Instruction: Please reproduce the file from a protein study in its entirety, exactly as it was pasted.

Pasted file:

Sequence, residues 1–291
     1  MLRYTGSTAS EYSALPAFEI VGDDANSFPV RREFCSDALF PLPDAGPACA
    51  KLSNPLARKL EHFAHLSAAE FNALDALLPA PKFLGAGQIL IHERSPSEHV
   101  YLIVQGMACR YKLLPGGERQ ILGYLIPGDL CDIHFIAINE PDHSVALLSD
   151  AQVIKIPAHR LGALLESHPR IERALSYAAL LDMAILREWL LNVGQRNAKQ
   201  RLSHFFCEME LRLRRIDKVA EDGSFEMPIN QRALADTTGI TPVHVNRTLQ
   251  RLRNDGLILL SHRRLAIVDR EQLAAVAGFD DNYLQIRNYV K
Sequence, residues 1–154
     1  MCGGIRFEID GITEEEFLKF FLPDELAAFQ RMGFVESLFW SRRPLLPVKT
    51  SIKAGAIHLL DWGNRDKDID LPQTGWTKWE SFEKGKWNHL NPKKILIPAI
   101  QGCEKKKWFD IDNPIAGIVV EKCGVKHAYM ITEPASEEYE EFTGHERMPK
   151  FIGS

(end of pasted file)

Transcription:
Sequence, residues 1–291
     1  MLRYTGSTAS EYSALPAFEI VGDDANSFPV RREFCSDALF PLPDAGPACA
    51  KLSNPLARKL EHFAHLSAAE FNALDALLPA PKFLGAGQIL IHERSPSEHV
   101  YLIVQGMACR YKLLPGGERQ ILGYLIPGDL CDIHFIAINE PDHSVALLSD
   151  AQVIKIPAHR LGALLESHPR IERALSYAAL LDMAILREWL LNVGQRNAKQ
   201  RLSHFFCEME LRLRRIDKVA EDGSFEMPIN QRALADTTGI TPVHVNRTLQ
   251  RLRNDGLILL SHRRLAIVDR EQLAAVAGFD DNYLQIRNYV K
Sequence, residues 1–154
     1  MCGGIRFEID GITEEEFLKF FLPDELAAFQ RMGFVESLFW SRRPLLPVKT
    51  SIKAGAIHLL DWGNRDKDID LPQTGWTKWE SFEKGKWNHL NPKKILIPAI
   101  QGCEKKKWFD IDNPIAGIVV EKCGVKHAYM ITEPASEEYE EFTGHERMPK
   151  FIGS